So what is a Resource Manager? Is it simply someone who oversees and allocates resources? While these are major functions of the RM role, it’s important to understand how a RM approaches allocation and exactly what data factors into their decision-making.
Going beyond generic allocation
A RM’s job is to evaluate the upcoming projects and company initiatives, then decide which people are the best fit to help the company reach those lofty goals. To do this, a RM has to know their team members’ various skills, the experience they’ve gained at previous jobs, their desired trajectory for their careers, and their capacity.
Putting the right person on a project involves deep insight into the resource pool. RMs need to know which team members have the right experience and understand what they’re working on right now in order to find the optimal way to sequence allocations and work. On top of that, the RM has to factor in current work as well as projects in the pipeline. Only then can they most effectively pair individuals with work based on their skills and bandwidth.
How is a resource manager different than a project manager?
While the roles are related, the functions of a resource manager and a project manager are fundamentally different. A project manager is an in-the-weeds position responsible for keeping track of the time, tasks, and, in some cases, the budget related to one specific project.
A RM, on the other hand, keeps their eyes on the big picture. They oversee every employee in the company, including their unique skills and their capacity, and closely monitor project inter-dependencies that could affect timelines or lead to over-allocation.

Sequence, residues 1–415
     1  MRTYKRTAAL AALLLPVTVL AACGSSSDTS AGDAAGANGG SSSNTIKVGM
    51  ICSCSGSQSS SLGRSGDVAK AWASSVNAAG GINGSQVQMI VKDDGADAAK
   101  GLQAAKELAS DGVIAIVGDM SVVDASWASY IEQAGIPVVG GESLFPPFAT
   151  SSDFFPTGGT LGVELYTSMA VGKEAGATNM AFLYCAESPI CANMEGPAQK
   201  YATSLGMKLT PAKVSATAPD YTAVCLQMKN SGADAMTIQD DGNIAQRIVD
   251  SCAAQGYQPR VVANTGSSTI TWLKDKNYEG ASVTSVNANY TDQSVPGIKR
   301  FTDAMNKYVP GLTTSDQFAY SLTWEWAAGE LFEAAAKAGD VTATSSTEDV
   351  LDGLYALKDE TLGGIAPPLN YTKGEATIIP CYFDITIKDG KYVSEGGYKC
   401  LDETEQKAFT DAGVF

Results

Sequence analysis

Their holistic view of the project pipeline means they can identify potential future bottlenecks. Therefore, RMs are also responsible for alerting the team when outside contractors or new staff members need to be brought in.
The power of the resource manager
RMs do more than just match generic resources to projects. They play a major role in optimizing workflow by matching resources to work based on their individual strengths, skills, experience, and availability.
But RMs can be responsible for a vast number of resources, especially at larger enterprises. It’s simply not feasible to ask them to personally keep track of all this data themselves. An Excel file just isn’t going to cut it if you want to maximize the potential of the RM.
That’s why it’s critical to invest in the tools that help RMs manage all this information. If you give an RM the necessary insight into skills, capacity, project demands, and pipeline work, you enable them to find the most efficient and effective allocations. Which, in turns, leads to maximum portfolio success!